Dr. Huma Qureshi, MD
Dr. Huma Qureshi, MD is an general adult psychiatrist specializing in psychopharmacology and psychotherapy for patients with a wide range of psychiatric conditions.
Dr. Qureshi has an exclusive limited-membership, retainer-based practice.
To inquire further about membership opportunities, please call us at 714-556-5004 and ask to speak with a Concierge Liaison or email email@example.com
After attending the University of California, Davis, Dr. Qureshi obtained her medical degree at King Edward Medical University, where she earned a First Division distinction. She then completed her psychiatric training at the University of Missouri, Kansas City (UMKC), where she had the honor of working in close collaboration with instructors trained from Menninger Foundation. Under that mentorship, Dr. Qureshi studied different types of psychiatric therapies including psychodynamic, cognitive behavioral as well as pharmacotherapy.
Born and raised in central California, Huma Qureshi moved to Southern California two years ago, after spending five years in the Bay Area, four years in the Midwest and previous to that, five years in Asia. Due to her love of travelling and experiencing different cultures, Dr. Qureshi’s journeys encompass most of Europe and Asia and parts of Latin America.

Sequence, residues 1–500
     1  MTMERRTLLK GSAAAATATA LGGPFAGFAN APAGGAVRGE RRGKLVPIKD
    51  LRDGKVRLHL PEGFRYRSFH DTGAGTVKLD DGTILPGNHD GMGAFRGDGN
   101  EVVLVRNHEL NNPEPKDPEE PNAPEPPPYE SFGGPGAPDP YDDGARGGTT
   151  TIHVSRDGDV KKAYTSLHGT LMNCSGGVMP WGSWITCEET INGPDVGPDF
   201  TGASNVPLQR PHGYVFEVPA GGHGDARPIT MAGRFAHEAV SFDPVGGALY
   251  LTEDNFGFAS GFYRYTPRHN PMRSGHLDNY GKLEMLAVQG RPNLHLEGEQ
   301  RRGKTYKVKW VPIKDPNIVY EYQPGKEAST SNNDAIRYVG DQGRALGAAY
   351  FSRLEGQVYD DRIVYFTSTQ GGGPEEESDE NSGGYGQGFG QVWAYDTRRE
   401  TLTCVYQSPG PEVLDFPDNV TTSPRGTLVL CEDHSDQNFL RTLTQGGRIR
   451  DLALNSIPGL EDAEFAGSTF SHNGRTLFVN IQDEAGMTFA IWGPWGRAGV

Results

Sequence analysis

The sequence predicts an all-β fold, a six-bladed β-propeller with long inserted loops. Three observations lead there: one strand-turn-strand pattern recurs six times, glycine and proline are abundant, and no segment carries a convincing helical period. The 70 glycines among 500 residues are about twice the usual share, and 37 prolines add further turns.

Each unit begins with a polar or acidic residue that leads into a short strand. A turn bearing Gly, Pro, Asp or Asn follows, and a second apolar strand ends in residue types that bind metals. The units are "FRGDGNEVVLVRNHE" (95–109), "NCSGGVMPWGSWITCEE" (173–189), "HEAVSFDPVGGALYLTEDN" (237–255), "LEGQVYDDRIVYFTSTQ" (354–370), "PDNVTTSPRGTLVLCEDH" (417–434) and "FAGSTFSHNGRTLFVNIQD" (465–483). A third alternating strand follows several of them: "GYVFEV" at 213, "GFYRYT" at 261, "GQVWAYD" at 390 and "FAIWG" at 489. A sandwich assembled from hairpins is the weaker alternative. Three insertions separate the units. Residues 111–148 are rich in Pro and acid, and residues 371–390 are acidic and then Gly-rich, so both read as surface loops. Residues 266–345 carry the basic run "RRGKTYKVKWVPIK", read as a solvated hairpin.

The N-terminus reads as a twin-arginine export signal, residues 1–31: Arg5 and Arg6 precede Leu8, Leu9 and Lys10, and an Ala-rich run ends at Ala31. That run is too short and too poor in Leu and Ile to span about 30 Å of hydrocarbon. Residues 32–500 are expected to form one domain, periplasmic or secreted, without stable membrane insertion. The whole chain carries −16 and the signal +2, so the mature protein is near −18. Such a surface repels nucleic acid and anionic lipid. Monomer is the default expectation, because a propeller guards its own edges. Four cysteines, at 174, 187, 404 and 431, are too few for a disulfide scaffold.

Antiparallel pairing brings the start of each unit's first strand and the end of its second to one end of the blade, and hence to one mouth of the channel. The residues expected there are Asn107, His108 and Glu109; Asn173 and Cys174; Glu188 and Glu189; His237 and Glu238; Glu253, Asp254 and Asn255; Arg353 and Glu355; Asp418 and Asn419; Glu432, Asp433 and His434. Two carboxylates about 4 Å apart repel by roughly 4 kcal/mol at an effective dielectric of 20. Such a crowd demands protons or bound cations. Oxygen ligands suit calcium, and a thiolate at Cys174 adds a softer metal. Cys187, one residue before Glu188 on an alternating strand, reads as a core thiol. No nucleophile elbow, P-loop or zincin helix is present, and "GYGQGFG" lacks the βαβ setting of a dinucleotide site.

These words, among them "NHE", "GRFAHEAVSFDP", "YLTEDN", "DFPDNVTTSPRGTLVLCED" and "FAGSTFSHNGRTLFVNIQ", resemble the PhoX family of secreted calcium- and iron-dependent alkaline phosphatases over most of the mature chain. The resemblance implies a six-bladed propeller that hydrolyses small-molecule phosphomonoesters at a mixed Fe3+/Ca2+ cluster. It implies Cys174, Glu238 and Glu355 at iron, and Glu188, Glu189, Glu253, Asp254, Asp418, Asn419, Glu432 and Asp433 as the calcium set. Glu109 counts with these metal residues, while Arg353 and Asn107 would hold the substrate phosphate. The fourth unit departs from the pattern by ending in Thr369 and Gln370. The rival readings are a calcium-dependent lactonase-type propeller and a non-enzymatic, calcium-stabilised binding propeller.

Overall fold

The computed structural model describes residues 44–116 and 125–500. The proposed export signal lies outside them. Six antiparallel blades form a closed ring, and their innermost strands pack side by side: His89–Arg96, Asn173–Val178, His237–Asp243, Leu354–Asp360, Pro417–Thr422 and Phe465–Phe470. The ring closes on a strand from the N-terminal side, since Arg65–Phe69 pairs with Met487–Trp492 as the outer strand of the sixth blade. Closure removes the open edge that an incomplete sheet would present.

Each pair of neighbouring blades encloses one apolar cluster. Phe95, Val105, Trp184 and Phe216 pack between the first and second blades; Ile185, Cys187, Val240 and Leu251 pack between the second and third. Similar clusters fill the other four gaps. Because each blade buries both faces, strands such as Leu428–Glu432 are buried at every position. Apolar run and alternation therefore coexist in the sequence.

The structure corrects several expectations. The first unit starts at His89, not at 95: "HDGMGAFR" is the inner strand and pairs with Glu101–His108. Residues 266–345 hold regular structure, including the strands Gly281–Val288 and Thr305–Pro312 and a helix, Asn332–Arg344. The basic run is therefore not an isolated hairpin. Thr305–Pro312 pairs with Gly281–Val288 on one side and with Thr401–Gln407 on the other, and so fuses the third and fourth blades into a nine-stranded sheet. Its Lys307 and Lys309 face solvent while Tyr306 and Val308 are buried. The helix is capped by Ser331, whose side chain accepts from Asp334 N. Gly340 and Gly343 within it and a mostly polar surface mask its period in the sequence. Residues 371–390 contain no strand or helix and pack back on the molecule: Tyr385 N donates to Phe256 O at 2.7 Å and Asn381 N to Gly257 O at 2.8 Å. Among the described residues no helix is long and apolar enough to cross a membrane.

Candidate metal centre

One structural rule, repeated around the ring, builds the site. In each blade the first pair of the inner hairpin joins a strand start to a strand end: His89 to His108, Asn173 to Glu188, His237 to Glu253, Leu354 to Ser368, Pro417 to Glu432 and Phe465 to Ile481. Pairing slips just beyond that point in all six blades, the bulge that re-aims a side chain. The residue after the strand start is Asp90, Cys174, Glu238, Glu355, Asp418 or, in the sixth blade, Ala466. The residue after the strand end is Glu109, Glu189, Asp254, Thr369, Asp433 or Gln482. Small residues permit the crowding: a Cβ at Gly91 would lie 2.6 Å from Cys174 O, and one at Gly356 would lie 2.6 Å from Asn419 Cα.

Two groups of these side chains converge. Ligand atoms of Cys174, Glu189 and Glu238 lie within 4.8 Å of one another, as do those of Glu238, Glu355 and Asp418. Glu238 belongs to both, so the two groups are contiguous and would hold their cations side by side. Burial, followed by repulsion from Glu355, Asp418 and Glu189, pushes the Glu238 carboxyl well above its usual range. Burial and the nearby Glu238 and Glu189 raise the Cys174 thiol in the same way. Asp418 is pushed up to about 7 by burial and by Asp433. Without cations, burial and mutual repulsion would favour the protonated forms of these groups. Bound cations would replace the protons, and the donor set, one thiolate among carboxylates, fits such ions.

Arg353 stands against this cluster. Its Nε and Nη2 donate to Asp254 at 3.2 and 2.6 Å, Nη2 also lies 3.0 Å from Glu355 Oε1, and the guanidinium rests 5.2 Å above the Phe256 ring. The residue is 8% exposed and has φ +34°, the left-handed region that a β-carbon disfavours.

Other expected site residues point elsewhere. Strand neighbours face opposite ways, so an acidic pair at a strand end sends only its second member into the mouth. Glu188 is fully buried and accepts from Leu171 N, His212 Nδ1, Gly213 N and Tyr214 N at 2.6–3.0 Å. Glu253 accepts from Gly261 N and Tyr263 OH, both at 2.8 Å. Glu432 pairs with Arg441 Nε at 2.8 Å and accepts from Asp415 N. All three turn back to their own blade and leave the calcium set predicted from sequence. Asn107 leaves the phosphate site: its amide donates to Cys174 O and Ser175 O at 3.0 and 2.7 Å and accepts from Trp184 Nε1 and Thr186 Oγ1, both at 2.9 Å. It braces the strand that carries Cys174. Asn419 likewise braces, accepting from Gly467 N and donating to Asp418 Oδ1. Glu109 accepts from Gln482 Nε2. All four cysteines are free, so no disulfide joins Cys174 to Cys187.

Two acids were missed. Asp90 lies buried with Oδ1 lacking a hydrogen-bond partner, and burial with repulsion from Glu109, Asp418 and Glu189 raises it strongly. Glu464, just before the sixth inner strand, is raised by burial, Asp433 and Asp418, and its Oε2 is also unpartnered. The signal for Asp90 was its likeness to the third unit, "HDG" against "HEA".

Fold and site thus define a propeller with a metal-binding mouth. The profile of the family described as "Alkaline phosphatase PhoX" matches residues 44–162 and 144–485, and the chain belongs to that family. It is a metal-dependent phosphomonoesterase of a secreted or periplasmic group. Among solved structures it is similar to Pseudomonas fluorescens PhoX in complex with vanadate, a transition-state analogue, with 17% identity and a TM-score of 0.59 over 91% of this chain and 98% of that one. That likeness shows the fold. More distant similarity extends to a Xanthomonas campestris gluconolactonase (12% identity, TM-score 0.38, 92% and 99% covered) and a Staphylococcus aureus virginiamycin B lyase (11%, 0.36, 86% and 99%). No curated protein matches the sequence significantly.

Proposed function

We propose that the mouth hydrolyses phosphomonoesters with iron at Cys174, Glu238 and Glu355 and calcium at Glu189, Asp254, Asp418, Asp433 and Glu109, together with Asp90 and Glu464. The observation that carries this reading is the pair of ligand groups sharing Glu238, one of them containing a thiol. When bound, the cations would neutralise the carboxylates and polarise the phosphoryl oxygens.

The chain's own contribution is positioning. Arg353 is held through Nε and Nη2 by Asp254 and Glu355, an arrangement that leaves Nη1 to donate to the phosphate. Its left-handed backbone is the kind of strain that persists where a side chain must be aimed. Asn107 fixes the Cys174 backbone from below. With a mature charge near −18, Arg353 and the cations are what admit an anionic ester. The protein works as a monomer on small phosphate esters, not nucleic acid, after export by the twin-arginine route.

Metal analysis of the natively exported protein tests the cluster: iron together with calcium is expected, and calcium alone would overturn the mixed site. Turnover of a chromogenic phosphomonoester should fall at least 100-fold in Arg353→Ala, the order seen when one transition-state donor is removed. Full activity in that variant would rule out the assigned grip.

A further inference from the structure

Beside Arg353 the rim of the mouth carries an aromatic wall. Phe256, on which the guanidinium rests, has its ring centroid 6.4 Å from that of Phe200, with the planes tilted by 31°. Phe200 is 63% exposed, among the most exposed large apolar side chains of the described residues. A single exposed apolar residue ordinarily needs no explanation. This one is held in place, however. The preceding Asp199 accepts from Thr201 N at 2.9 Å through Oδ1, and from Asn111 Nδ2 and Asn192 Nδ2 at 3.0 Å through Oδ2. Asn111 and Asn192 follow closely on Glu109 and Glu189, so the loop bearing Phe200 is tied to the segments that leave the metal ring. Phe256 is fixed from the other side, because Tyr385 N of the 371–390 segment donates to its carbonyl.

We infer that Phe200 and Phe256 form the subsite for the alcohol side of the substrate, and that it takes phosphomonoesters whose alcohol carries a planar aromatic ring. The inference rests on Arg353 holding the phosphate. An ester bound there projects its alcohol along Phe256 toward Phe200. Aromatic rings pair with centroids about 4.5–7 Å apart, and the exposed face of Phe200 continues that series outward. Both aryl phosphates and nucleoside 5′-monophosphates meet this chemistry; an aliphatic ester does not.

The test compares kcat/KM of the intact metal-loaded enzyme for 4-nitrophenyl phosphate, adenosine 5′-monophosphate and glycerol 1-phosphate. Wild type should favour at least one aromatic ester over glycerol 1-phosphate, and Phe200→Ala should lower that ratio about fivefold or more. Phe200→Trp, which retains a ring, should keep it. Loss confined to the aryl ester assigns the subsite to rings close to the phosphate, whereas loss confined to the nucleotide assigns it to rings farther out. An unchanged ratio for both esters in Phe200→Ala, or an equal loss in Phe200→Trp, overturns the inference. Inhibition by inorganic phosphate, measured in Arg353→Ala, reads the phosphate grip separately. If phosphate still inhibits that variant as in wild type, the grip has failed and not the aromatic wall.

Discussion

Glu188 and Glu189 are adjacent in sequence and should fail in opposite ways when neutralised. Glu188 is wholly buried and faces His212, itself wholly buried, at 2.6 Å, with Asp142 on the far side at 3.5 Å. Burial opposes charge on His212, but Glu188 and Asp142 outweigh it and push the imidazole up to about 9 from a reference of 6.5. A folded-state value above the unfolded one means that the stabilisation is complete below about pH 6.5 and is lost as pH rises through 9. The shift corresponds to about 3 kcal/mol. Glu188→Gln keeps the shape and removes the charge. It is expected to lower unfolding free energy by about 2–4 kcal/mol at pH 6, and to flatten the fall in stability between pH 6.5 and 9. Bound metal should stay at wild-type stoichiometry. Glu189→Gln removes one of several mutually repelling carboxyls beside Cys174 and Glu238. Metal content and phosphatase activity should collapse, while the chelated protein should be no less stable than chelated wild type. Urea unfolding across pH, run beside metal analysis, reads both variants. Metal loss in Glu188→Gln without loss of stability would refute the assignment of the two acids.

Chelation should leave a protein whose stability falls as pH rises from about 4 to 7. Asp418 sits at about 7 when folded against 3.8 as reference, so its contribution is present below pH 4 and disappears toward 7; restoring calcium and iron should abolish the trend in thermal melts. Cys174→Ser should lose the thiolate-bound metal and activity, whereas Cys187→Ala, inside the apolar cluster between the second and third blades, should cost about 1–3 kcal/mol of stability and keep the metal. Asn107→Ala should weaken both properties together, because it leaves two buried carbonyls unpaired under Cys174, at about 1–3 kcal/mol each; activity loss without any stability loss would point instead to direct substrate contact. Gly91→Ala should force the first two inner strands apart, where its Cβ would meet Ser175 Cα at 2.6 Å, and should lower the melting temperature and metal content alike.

Dr. Qureshi is also proud to be a part of South Coast Psychiatry's commitment to giving back to our community -- by sponsoring a mental health charity annually (previous years have included South Coast Psychiatry's sponsorship, fundraising and walking on behalf of the American Foundation for Suicide Prevention, the National Alliance for the Mentally Ill, the Ronald McDonald House for Kids, as well as plans to sponsor and walk on behalf of Autism Speaks, and many other worthy charities in our field going forward), as well as South Coast Psychiatry's commitment to devoting countless hours to curating an educational site on Facebook dedicated to increasing awareness and accurate information about mental health, and to decreasing stigma and stereotype surrounding mental illness.